U.S. Sen. Amy Klobuchar and her November opponent, Republican state Rep. Kurt Bills, pulled no punches in a vigorous, often contentious debate at the Minnesota State Fair on Thursday.
The match-up drew an overflow crowd to Minnesota Public Radio’s booth on a steamy day at the state fairgrounds. The crowd was pretty evenly split between supporters of the two, and they were feisty throughout, cheering or booing after most of the candidates’ responses.
That just played into what was already a heated debate between Klobuchar and Bills: The incumbent frequently called her opponent and his positions “extreme,” and the challenger tried to tie Klobuchar to the inability of the Democratically controlled Senate to pass legislation.
“This election is not Republican vs. Democrat,” Bills said. “It’s America vs. Washington D.C.”
Candidates show their differences on the budget
Budgetary issues took center stage, and the candidates sparred on taxes, the federal budget and monetary policy. The two couldn’t be further apart on any of them.
Bills said he backs a flat-tax plan that he said would simplify the tax code and remove deductions for the wealthy.
“You want to get rid of loopholes for the wealthy,” Bills said. “I’m your guy, because I’ll get rid of all of them.”
But Klobuchar said such a plan would invariably lead to lower overall taxes on the wealthy, and she said she backs a plan pushed by President Barack Obama that would end the George W. Bush-era tax cuts on income over $250,000, which she said would raise $700 billion over 10 years.
Klobuchar went sharply at Bills’ support for establishing a gold- and silver-based currency and a bill he sponsored in the Legislature to study the viability of introducing a state currency. She vigorously defended the Federal Reserve system, which Bills opposes, and said his monetary policy consists of plans that are “not mainstream ideas for the future of this country.”
On the budget, Bills went hard at Klobuchar and Senate Democrats for not passing a budget resolution for more than three years. Klobuchar hit back and said the deep-cutting budget plan introduced by Sen. Rand Paul and supported by Bills is “extreme,” and defended Congress’ work on the budget deficit, specifically last summer’s passage of the Budget Control Act, which saves $2.2 trillion over 10 years.
But Bills said he knows what’s best for the middle class — as a high-school economics teacher, he’s a bona fide member of it. He pushed back on Klobuchar’s opposition to the Paul budget (which failed in the Senate16-83) and said he supports turning Medicare into a voucher program, as proposed by vice presidential nominee Paul Ryan.
“If you actually cared about the middle class, you’re looking at it,” he said. “I’d be proud to go be the poorest member of the United States Senate. We need to start sending people like me there to solve some of these problems.
Klobuchar hits Bills as ineffective
The two were closer, but barely, on the matter of Afghanistan, a topic that consumed a few minutes during the middle of the debate: Bills supports an immediate, “aggressive” withdrawal from the region and Klobuchar said she backed the president’s plan to begin a withdrawal from the region next fall, adding, “We simply cannot stay there indefinitely; we need to bring out troops home.”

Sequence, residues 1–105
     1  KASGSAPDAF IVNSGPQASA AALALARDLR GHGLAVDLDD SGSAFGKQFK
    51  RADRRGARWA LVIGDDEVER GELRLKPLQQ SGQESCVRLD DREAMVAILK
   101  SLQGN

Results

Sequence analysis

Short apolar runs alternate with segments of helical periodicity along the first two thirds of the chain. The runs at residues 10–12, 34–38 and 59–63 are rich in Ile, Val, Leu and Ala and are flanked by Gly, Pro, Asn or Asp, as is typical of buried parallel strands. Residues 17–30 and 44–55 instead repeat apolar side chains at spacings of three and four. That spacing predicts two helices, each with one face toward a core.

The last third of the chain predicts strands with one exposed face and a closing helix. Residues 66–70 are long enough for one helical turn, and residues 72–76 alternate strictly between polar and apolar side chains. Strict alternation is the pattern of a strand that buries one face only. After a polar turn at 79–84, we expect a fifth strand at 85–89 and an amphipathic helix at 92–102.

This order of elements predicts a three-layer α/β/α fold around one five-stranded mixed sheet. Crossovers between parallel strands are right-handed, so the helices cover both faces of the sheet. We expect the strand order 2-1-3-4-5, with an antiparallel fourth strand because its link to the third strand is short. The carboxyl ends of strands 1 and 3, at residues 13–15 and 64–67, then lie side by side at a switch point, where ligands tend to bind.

The pair grappled with agriculture issues as well, as they did at their first debate at Farmfest earlier this month. They also discussed global warming, abortion rights (Klobuchar supports a women’s right to choose, Bills highlighted his pro-life voting record) and the marriage amendment (Bills voted to put it on the ballot in November, and Klobuchar said its only purpose to divide people in an election year).
In general, Klobuchar said her record as a bipartisan dealmaker in Washington would help her most effectively represent Minnesotans, and she rattled off a list of issues she’s worked on to prove it, including a troop benefits bill with Republican Rep. John Kline and legislation to build a new St. Croix Bridge with Rep. Michele Bachmann.
She knocked Bills meanwhile, for what she called an ineffective two years as a back-bencher in St. Paul.
“I’m sorry, Rep. Bills, but you haven’t passed one bill that even got signed into law,” she said. Bills noted that the Legislature had approved a veterans jobs bill he introduced, but DFL Gov. Mark Dayton vetoed it.
Bills sees an opening on the economy
Klobuchar has a huge fundraising and polling edge in this race, and Bills recently acknowledged that if the election were held now, she’d win.
But Klobuchar, the clear front-runner, said she had no qualms engaging an opponent on his record, no matter the lead she might hold right now.
“They need to understand as people are looking at the choice they’re making, who they’re voting for,” she said. “My major focus will continue to be the same, but I really wanted to make clear where he was on the issues.”
Bills said his goal has been to be polling within 15 points of Klobuchar by Sept. 15, the same margin Paul Wellstone trailed Rudy Boschwitz in 1990, a race he won. He said he’s still confident he can make a race of it, especially given an economy that is growing slowly.
“I think with the economy the way it is, every incumbent in America is terrified and should be terrified because they have to run on their record,” he said. “I think a lot of families who have been hit like we have are probably thinking the same way. They’ll be looking at any incumbent and thinking, do they really deserve to go back?”
The pair have two more debates scheduled before the end of the election, including one the weekend before the election.
Devin Henry can be reached at email@example.com. Follow him on Twitter: @dhenry